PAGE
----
How to make the most of hospital-based data
Hospitals have different ways of tracking
Collecting outcomes data has been a matter of survival for hospitals, which face both managed care and accreditation demands as well as unprecedented cost constraints. How can you access that information?
Here is some advice on how to get started from Susan Bellile, MA, MBA, president of Q3, a consulting firm based in Westchester, IL, that specializes in helping physician groups gather and analyze outcomes data:
r Find out who handles the information and what indicators they are tracking.
Every hospital collects performance assessment information on several clinical indicators as a requirement of accreditation by the Joint Commission on Accreditation of Healthcare Organizations. Hospitals also often have a standard report on cost or charges and length of stay that they can generate by physician, department, or diagnostic code.
Some hospitals may have sophisticated information systems that provide much more extensive information. "There may be other kinds of specialized database efforts that the hospital is coordinating," says Bellile.
The hospital may have a quality improvement or outcomes management department, or the data may be managed by the finance, medical records, information systems, or utilization review department.
While, of course, this will provide information only for inpatients, "They would have the opportunity to link what happened in the hospital to what they collect outside the hospital," says Bellile.
r Put your information request in writing.
You need to specify the data you are interested in. At a minimum, you would likely request information for the last 12 months by physician and DRG, including the number of cases for each physician and the average hospital charges and average length of stay.
You should also be able to obtain a comparison figure for all patients in that DRG or procedure group who were treated at the hospital.
The letter should be signed by the physicians whose data you are requesting, says Bellile. Be aware that the hospital may place restrictions on your further reporting of the data, she says.
r Determine underlying methods that affect the data.
You'll need to find out how patients are linked to physicians in the data, says Bellile. The case may be assigned to the attending physician, the surgeon, or the admitting physician. This can ultimately affect individual physician profiles.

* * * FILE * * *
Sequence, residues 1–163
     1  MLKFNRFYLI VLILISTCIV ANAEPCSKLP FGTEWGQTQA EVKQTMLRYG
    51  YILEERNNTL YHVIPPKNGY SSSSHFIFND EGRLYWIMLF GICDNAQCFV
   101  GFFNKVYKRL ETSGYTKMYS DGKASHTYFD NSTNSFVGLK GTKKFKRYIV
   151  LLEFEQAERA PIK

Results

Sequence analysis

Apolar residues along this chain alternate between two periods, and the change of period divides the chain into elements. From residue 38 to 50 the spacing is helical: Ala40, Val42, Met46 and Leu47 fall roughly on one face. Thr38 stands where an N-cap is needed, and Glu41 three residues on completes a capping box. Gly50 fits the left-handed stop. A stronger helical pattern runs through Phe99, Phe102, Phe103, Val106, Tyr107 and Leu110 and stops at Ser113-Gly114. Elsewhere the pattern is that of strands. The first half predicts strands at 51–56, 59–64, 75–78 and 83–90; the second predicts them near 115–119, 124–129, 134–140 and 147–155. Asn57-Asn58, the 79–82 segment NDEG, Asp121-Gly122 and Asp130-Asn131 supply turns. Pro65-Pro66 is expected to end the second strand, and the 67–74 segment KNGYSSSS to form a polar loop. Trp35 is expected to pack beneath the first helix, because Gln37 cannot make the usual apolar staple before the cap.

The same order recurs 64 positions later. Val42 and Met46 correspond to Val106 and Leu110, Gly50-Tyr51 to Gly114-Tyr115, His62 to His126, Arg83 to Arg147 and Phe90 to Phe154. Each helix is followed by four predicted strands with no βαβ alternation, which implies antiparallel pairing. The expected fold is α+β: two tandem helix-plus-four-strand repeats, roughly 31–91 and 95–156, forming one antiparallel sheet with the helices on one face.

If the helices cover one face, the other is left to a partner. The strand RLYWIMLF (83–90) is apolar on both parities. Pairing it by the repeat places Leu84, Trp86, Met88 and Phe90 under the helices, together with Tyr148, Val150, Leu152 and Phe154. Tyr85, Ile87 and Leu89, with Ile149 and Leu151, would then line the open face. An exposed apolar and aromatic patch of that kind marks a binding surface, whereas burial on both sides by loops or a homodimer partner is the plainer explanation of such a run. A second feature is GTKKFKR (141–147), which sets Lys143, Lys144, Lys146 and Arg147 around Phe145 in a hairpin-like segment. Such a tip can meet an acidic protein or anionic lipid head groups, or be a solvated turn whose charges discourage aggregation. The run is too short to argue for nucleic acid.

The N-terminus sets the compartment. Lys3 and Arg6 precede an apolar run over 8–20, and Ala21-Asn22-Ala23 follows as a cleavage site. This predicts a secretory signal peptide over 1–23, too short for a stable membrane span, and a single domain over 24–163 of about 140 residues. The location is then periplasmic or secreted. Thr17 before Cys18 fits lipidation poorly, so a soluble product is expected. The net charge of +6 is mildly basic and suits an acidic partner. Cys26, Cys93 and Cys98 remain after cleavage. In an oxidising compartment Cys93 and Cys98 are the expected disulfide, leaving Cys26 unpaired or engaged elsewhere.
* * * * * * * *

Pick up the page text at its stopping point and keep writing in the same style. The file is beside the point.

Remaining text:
For example, Bellile recalls a group of plastic and reconstructive surgeons who discovered a couple of craniotomies on their report - surgeries they don't perform. On closer examination, it turned out that they were the admitting physicians in the emergency department and the surgery was performed as part of a trauma case.
Are the data being entered correctly?
"The data is only as good as the [skills of] the people putting it in," says Phyllis Brown, administrator of Arkansas Cardiology in Little Rock.
You also want to know whether the hospital uses risk-adjustment and what method is used. For example, the hospital may compute an "expected length of stay" based on measures of the patients' severity of illness.
Finally, if you're looking at financial data, be sure you understand the difference between cost and charges - and how the hospital defines them. Different hospitals may calculate their costs differently.
r Keep data from different hospital reports separate.
If you practice at several hospitals in town, you'll need to get data from all of them. And while you can look for common trends, unfortunately you can't combine the data into a single report, says Bellile.
The hospitals likely use different definitions or methodology in collecting and analyzing the data. For example, they may have differing methods of severity adjustment.
Even with its limitations, hospital data can jump-start or enhance an outcomes program at a physician practice. If you find significant variation within your practice or you don't compare favorably to available benchmarks, you can request more detailed clinical data.
You may even focus on a group of patients "and get down to specifics about what are we doing that keeps them in the hospital longer or costs more," Bellile says.